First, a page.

The concept of childhoods is both socially constructed and unique to particular social settings. Based on an ethnographic study of five Nepali children’s homes, I argue…
The concept of childhoods is both socially constructed and unique to particular social settings. Based on an ethnographic study of five Nepali children’s homes, I argue that the localized contexts of these homes not only exist as spaces where youth negotiate their own unique statuses and futures but also where the social construction and fluidity of childhoods are most evident. By applying sociologist C. Wright Mills’ “sociological imagination,” we become best equipped to understand individual stories within these localized spaces as illustrative of what is ordinary and normalized at the local level, which in turn allows us to envision what is possible for broader society.
Caregivers are known to experience increased morbidity when compared to noncaregivers. Does an intervention targeting caregiver distress affect their health care…
Caregivers are known to experience increased morbidity when compared to noncaregivers. Does an intervention targeting caregiver distress affect their health care utilization? One hundred forty-eight caregivers of allogeneic hematopoietic stem cell transplant patients were randomized to treatment as usual (TAU) or a psychoeducation, paced respiration, and relaxation (PEPRR) intervention. Assessments of caregivers' service utilization were collected at baseline and 1, 3, and 6 months post-transplant. During the first 30 days after patient transplant, caregiver medical and mental health professional service use decreased while support group attendance peaked. Mixed model regressions showed a significant decrease in mental health service use by the PEPRR group (P=0.001). At six months caregivers in TAU had predicted marginal probabilities of mental health services utilization over 10 times as high as caregivers in PEPRR (18.1% vs 1.5%). Groups failed to differ in medical service (P=0.861) or support group (P=0.067) use. We can conclude that participation in PEPRR compared to TAU was associated with reduced mental health service utilization. Caregiver psychosocial support services are critical to improve caregiver outcomes.
Implicit in the traditional model of communication is the assumption that an individual or organization sends a single message to one receiver, or class of receivers…
Implicit in the traditional model of communication is the assumption that an individual or organization sends a single message to one receiver, or class of receivers. However, in practice there are often multiple senders, targeted receivers and even messages. This paper proposes expanding the traditional model of communication to include these additional facets and thus make the model more representative of business communication.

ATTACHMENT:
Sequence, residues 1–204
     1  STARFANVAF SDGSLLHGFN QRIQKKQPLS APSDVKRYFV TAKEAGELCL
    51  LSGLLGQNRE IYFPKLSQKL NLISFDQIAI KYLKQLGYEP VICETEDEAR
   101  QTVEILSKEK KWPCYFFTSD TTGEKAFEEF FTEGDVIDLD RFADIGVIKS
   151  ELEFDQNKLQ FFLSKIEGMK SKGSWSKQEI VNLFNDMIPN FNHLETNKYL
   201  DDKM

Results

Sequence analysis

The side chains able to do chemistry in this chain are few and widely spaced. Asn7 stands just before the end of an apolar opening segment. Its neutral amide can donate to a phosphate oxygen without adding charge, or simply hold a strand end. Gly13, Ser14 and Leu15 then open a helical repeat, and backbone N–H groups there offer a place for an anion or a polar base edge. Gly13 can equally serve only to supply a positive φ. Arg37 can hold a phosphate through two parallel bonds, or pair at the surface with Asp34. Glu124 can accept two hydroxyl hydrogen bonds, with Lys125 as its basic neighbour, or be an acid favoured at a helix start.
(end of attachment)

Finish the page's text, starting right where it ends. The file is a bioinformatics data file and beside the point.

Despite the benefits of delegation, anecdotal and survey-based evidence suggests that firms do not optimally delegate decision-making authority. However, to date, no…
Despite the benefits of delegation, anecdotal and survey-based evidence suggests that firms do not optimally delegate decision-making authority. However, to date, no quantifiable evidence supports this claim.
We design an experiment to explore the superior’s choice between delegation and information elicitation. We also examine the effect of the superiors’ choice on the amount of effort provided by subordinates to gather decision-facilitating information.
We find that, compared to economic predictions, superiors delegate less often than they should. Subordinates exert lower effort when superiors elicit information than when superiors delegate the decision to them. As a result, superiors earn lower profit when they elicit information than when they delegate decision-making authority.
Our empirical evidence supports two main tenets espoused in the literature on the allocation of decision rights. First, the evidence of under delegation contributes to the literature which maintains that superiors’ tendency to under-delegate leads firms to become overly centralized.
By designing a novel experimental, we identify systematic ways in which behavior deviates from economic theory and contribute to the discussion on how firms utilize information. In particular, under delegation prevents firms from exploiting economies that arise from local capabilities and task specialization, and results in forgone profits.